Pregnancy blog, 03/07/2017
It is great to see brands, like Dove, having open discussions with their customers, but in our opinion, whether mums should breastfeed in public is not a topic for debate.
The campaign has sparked a lot of criticism amongst mums who think the adverts are likely to put women off breastfeeding their children in public. As a result, The Advertising Standards Authority has received over 100 complaints so far. As one mum on Twitter put it:
— kate (@kejowey) July 2, 2017
25 per cent may well say ‘put them away’ (according to Dove) but in the UK it is illegal to discriminate against someone for breastfeeding in public. Despite the law being in place and the well-documented benefits of breastfeeding, many women still feel embarrassed to feed publically.
Responding to the criticism, Unilever have said,
‘We believe there are many ways to be a great mum or dad. Our campaign simply aims to celebrate the different approaches and opinions around parenting, including whether or not mums choose to breastfeed in public, recognising that it’s ultimately what works for you and your baby that matters the most.’
We’ve always loved the way Dove has supported women in its previous campaigns, and think it’s such a shame that they’ve missed the mark on this occasion; which was an opportunity to really celebrate breastfeeding and make mums (no matter how they feed their babies) feel good about themselves.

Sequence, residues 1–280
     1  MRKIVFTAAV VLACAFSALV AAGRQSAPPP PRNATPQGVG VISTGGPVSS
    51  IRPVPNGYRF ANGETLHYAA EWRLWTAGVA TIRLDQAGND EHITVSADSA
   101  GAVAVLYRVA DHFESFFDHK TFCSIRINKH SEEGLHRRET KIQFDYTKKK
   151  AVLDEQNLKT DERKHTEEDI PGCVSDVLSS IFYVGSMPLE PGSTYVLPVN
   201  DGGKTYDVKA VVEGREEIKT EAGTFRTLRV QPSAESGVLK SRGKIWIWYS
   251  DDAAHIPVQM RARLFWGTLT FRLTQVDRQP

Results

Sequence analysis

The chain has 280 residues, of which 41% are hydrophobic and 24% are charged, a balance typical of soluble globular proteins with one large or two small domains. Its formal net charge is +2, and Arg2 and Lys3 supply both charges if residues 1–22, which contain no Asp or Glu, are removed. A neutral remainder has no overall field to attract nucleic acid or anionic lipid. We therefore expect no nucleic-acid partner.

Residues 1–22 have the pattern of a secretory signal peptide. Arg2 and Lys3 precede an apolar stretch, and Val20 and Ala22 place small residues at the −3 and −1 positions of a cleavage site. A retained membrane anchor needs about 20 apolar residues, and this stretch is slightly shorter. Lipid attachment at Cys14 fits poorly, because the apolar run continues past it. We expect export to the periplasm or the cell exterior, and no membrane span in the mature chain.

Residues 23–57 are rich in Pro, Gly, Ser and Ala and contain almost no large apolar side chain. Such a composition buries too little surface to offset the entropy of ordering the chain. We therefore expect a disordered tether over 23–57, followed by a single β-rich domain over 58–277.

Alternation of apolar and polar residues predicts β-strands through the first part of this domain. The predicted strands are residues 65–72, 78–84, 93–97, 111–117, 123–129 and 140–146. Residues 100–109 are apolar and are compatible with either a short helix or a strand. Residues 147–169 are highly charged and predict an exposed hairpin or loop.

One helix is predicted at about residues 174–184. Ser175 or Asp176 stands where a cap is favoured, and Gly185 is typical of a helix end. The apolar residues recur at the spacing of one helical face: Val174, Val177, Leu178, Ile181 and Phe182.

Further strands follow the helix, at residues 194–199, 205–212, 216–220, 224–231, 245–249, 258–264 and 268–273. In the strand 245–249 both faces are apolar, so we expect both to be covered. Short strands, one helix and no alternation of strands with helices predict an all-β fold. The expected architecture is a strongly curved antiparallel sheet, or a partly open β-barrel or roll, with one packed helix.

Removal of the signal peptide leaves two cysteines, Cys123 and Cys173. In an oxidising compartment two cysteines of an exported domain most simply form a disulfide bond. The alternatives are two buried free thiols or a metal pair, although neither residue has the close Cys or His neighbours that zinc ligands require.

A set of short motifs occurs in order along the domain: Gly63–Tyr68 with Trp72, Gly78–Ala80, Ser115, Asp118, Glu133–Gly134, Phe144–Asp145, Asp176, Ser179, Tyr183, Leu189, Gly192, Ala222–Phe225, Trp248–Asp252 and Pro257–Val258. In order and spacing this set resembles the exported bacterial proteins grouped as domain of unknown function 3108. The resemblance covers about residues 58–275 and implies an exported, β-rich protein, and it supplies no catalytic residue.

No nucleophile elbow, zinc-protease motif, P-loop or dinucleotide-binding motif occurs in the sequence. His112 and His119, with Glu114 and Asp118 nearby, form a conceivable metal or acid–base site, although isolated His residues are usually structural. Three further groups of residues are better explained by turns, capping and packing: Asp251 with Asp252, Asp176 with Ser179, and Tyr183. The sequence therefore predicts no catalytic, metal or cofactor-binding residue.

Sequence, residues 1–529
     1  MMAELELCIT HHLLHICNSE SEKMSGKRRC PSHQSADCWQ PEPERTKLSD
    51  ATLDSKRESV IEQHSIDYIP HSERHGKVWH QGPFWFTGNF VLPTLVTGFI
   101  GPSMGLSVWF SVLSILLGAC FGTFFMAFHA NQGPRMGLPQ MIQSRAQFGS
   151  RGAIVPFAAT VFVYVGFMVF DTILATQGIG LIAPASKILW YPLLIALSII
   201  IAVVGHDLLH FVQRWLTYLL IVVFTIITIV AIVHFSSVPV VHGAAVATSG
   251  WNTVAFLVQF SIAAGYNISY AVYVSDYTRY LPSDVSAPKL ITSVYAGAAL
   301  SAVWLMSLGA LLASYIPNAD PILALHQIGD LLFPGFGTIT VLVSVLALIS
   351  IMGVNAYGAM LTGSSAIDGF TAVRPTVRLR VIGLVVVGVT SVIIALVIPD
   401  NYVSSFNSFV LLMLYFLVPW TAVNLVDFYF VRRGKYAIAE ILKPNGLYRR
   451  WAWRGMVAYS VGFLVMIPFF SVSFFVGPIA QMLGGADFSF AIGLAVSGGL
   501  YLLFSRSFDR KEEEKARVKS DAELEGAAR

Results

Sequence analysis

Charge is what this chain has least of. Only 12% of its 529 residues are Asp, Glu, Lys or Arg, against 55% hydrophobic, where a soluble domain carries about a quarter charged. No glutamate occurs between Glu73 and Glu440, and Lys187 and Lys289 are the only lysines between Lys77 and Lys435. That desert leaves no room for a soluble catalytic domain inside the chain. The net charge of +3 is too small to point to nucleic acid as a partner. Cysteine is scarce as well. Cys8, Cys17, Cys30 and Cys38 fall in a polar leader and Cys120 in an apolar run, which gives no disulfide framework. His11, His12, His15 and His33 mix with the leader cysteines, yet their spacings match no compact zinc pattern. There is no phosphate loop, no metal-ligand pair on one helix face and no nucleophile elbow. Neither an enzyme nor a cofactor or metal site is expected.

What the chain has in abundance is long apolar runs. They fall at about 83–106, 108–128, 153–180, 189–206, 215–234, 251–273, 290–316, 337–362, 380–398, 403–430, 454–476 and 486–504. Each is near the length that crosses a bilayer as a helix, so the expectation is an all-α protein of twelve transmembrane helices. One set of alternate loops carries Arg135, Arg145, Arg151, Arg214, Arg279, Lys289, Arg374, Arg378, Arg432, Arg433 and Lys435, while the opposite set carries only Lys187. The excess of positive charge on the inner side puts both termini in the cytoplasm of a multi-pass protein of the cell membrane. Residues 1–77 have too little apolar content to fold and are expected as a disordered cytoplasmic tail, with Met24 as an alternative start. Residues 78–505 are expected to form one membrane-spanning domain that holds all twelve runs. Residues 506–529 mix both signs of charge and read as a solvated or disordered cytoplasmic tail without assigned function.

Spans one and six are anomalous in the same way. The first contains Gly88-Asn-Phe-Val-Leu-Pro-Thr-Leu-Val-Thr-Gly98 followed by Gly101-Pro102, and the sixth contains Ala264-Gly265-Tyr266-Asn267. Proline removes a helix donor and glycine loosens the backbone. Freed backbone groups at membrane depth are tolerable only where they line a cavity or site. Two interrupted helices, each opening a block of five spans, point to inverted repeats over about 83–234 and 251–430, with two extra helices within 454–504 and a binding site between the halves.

At Tommy’s, we support mums to feed their babies in whatever way they feel is best. Our midwife Kate explains:
‘Mothers should be made to feel empowered to breastfeed wherever they feel comfortable. Babies need to feed according to their needs, no matter where or when and usually will not wait!’
Hollyoaks veteran and new mum, Jennifer Metcalfe, spoke to the Daily Mail last week about her recent pregnancy, saying that it felt like a nine-month long hangover.
The new mum has written about the painful condition on Instagram.
Today we are highlighting our support for the worldwide initiative to raise awareness of pre-eclampsia and its global impact on the lives of mothers, babies and families.
The NHS has announced it is doubling funding to £40 million this year to improve maternity services and to ensure women have the same midwife through their pregnancy.
Catherine shares her experience of postpartum depression and being part of the BBC documentary ‘Mothers on the Edge’.